City Of Chicago Proposes $2.2 Billion Renovation To Soldier Field

Chicago officials desperately want to keep the Bears downtown, and they're willing to spend a whole lot of money to do it.

A prospective developer released a plan Sunday for a massive renovation that promises to turn Soldier Field into "the next generation of sports and entertainment venues." The plan comes with a hefty $2.2-billion price tag.

The Reimagine Soldier Field Coalition created a video that features a fly-by of areas both in and around the stadium, including a new transit hub and concert space.

The highlight of the video is the stadium itself. The proposal touts a glass dome that would shield the interior from the elements. That's right — No more freezing your tush off to watch the Bears lose in December.

Closing the roof would also potentially make Chicago a candidate to host Super Bowls, Final Fours and concerts.

In addition to the dome, several new features would be added to the stadium, including clubs on both the east and west sides that would allow fans to soak in the views of the city and Lake Michigan.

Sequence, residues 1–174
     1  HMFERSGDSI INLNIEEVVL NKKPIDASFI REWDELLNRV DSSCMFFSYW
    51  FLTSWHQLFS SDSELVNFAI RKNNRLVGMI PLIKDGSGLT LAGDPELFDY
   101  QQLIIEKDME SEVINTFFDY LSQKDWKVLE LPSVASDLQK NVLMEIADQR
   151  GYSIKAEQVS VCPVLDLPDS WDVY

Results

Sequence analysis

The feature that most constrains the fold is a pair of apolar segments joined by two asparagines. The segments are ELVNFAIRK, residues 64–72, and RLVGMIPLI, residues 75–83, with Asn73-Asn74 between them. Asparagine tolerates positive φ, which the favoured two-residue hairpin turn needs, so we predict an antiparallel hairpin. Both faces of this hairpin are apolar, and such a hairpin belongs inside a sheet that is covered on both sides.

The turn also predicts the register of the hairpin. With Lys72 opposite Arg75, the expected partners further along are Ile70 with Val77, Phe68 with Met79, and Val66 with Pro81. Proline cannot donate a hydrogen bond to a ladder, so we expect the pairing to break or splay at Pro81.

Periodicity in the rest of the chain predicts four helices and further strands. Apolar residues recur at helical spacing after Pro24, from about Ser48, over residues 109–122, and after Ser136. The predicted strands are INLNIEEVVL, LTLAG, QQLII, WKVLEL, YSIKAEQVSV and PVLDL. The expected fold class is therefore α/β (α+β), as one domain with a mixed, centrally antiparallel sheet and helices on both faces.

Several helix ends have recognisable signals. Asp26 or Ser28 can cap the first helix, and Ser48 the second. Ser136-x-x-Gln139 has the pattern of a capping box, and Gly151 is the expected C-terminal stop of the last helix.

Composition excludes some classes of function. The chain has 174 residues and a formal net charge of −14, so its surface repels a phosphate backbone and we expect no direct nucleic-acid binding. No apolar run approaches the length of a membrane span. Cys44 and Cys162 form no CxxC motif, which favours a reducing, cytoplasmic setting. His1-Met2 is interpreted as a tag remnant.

The group also proposed a veteran’s memorial to pay homage to those for whom the building was named.

The plans included a new series of skyboxes, clubs and lounges, with the aim of bumping seating capacity up to 70,000.

The group behind the proposed renovation is Landmark Development. Landmark has partnered with numerous NFL franchises, including the Minnesota Vikings on the construction of U.S. Bank Stadium. The group also helped with massive renovations to Lambeau Field and MetLife Stadium.

The Chicago Bears are still planning to move to Arlington Heights.

These plans come amid a push by city officials to convince the Bears to remain in Chicago.

In late 2022, the team announced that it had entered into a purchase agreement with Arlington Heights to build a whole new stadium. The 326-acre property is the site of the former Arlington International Racecourse. That deal could potentially be finalized in the next few months.

But not if the City of Chicago can help it.

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Amber is a Midwestern transplant living in Murfreesboro, TN. She spends most of her time taking pictures of her dog, explaining why real-life situations are exactly like "this one time on South Park," and being disappointed by the Tennessee Volunteers.